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Regional Work Plan



Working together with regional stakeholders, the Ontario Palliative Care Network (OPCN) and the Ministry to improve access to high-quality hospice palliative care in the South East.

Adopting a quality improvement approach, each of the priority teams will be focused on improvement initiatives in the five identified regional priorities. The priority areas listed below are themes to guide the work that will be undertaken by priority teams who will then refine and define the scope of the project. 

Project themes are closely aligned with Health Quality Ontario’s draft Quality Standard for Palliative Care due to be released in the spring of 2018.

The recently launched Ontario Palliative Care Network Action Plan 1: 2017 – 2020 outlines how we will work together to ensure that quality hospice palliative care services are readily available and easy to access for people with life-limiting illness and their loved ones. To help regional network partners communicate the regional work and aligned expectations provincially there is a presentation that has been created for your use at meetings. Presentation: OPCN Action Plan - South East RPCN Work Plan

 

1. Standardizing the process of care delivery, with a focus on coordinated care

Patients and their families/caregivers requiring a palliative approach to care will know what type of care and services to expect based on their needs. When care settings are changed, the care team will work with them to ensure that they continue to receive the services they need and that transitions between care settings are seamless. 

  • Executive Sponsor: Peter McKenna               
  • Team Lead: Ruth  Dimopoulos

2. Better communication within the circle of care

Patients and their families/caregivers requiring a palliative approach to care, as part of the circle of care, will experience improvements in the receipt of timely, accurate, and relevant information at end of life. Providers will be knowledgeable about patients’ needs and work together to communicate changes in patient need quickly and effectively to provide timely care.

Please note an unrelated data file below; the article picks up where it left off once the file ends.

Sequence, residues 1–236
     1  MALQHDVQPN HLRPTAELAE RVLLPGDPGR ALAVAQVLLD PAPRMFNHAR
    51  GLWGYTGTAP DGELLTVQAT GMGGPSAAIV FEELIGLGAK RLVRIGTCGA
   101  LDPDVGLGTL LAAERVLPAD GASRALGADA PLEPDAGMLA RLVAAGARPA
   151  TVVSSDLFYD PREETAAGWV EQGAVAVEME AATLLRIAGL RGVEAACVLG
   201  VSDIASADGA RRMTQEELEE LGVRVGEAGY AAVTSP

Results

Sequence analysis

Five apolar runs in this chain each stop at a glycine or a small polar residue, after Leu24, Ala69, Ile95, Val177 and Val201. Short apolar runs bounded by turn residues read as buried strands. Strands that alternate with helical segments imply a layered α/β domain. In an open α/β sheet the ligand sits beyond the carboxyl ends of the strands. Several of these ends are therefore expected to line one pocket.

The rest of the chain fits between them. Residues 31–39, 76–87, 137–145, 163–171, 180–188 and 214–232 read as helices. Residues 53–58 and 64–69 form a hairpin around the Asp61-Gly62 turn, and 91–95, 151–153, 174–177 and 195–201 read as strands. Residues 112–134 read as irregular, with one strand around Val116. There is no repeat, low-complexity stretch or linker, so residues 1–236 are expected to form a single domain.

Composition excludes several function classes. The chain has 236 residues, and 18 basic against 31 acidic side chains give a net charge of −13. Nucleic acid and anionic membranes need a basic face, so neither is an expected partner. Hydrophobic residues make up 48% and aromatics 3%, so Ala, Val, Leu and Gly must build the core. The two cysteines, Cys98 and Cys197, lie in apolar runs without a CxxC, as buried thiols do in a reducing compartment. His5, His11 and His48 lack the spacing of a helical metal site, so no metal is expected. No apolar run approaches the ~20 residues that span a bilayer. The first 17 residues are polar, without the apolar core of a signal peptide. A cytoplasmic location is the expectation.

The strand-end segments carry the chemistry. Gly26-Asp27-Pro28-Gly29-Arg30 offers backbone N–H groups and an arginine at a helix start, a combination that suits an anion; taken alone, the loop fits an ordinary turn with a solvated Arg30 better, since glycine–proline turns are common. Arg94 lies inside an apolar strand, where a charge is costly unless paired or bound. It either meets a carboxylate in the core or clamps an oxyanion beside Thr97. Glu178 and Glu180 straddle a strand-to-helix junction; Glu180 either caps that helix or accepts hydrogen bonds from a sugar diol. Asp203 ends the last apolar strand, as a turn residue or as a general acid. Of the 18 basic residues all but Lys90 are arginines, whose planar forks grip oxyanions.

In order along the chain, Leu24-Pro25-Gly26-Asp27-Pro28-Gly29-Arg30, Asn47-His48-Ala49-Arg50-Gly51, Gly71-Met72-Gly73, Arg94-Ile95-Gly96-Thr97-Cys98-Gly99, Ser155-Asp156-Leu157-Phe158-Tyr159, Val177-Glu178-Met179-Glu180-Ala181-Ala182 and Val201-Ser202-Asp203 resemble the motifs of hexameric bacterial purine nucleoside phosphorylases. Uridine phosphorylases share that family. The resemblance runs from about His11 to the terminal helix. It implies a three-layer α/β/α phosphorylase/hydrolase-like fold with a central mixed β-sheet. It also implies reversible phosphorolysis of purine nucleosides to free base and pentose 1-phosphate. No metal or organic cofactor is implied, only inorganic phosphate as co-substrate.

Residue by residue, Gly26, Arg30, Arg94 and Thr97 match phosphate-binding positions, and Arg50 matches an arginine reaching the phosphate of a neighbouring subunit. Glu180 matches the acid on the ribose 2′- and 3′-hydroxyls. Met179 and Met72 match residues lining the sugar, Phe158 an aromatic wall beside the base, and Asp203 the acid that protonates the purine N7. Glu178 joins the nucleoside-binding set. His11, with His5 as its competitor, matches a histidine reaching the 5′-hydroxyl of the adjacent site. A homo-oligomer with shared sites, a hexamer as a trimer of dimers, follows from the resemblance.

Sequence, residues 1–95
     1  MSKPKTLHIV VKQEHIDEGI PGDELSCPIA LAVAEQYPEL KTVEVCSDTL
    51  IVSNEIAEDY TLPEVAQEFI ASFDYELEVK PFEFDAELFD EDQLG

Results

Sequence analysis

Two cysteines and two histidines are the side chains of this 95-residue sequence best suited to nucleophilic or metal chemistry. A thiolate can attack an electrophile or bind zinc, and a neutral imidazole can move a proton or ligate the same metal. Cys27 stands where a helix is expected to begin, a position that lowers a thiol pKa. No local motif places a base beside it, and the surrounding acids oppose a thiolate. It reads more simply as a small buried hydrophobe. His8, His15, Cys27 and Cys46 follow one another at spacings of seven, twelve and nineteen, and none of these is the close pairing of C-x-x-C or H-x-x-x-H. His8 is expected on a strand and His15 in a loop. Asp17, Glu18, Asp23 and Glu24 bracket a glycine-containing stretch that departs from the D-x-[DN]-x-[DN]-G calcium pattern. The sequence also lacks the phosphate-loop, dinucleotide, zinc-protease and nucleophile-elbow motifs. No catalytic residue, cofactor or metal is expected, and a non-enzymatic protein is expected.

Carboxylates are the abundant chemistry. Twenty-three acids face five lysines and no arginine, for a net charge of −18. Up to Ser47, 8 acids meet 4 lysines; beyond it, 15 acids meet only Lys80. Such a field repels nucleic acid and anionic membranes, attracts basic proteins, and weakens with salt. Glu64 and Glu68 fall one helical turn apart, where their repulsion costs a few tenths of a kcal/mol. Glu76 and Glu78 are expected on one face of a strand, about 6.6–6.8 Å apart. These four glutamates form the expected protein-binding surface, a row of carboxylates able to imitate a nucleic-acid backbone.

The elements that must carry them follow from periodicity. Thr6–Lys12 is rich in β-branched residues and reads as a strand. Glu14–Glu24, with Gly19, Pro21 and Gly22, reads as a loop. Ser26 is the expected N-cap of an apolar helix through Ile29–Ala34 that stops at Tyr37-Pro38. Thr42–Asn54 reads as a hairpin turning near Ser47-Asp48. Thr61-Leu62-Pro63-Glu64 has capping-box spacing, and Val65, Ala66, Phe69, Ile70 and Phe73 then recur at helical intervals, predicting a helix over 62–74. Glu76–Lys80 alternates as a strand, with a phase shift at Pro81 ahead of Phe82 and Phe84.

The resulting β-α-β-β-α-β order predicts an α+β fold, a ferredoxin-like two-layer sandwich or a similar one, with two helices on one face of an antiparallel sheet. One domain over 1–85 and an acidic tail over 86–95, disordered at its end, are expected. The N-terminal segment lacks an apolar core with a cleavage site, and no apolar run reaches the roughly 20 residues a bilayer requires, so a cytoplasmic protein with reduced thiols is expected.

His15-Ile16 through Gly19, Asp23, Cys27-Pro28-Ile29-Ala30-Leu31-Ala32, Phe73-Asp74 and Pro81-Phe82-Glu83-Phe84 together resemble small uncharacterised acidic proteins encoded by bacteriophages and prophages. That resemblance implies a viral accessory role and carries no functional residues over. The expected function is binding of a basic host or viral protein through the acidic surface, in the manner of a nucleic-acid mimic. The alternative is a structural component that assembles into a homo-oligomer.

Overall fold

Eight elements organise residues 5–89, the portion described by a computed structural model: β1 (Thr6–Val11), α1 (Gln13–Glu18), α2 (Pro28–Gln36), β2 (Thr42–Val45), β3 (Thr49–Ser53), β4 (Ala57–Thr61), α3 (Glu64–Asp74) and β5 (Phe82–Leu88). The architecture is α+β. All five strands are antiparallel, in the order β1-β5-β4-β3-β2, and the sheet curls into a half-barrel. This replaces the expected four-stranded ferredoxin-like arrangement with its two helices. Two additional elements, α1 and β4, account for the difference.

• Executive Sponsor: Janet Webb
  • Team Lead: Alicia McCallum

3.   Access to 24/7 palliative care at home

Patients and their families/caregivers requiring a palliative approach to care will experience improvement in support and access to 24/7 services at home. 

  • Executive Sponsor: Wendy Parker
  • Team Lead: Mary Woodman

4.   Building capacity and enhancing care in the residential hospice setting
 
Patients and their families/caregivers requiring a palliative approach to care, if desired, will have access to a residential hospice at end-of-life and receive quality care in the residential hospice setting in accordance with provincial standards. 

  • Executive Sponsor: Allen Prowse                   
  • Team Lead: Maggie George     

 5.   Competency building to deliver high-quality palliative care.
 
Patients and their families/caregivers requiring a palliative care approach based on their illness and needs can anticipate increased access to high quality palliative care from primary health care providers.

  • Executive Sponsor: Ingrid Harle
  • Team Lead: Currently in discussion  

Process:

Each of the Priority Teams will progress through the phases of a quality improvement project framework and develop a project charter specifying the project aim statement, problem statement, change ideas, and measurement of improvement. The teams will carry out experience based design with patients and caregivers to understand what the problems are and define the approaches taken to address those problems.

Philosophy:

Hospice palliative care is a philosophy of care that aims to relieve suffering and improve the quality of both living and dying. It strives to help individuals, their families, and their caregivers. For this reason, the South East LHIN recognizes that a palliative approach to care is inclusive of those the patient identifies with as family and/or caregiver. 

Scope:

Following the approach taken by OPCN in response to the recommendation in the Declaration document to first focus on those at end-of-life, the South East RPCN has asked that each team scope their projects initially to the patient population anticipated to be in their last year of life, inclusive of those at end-of life.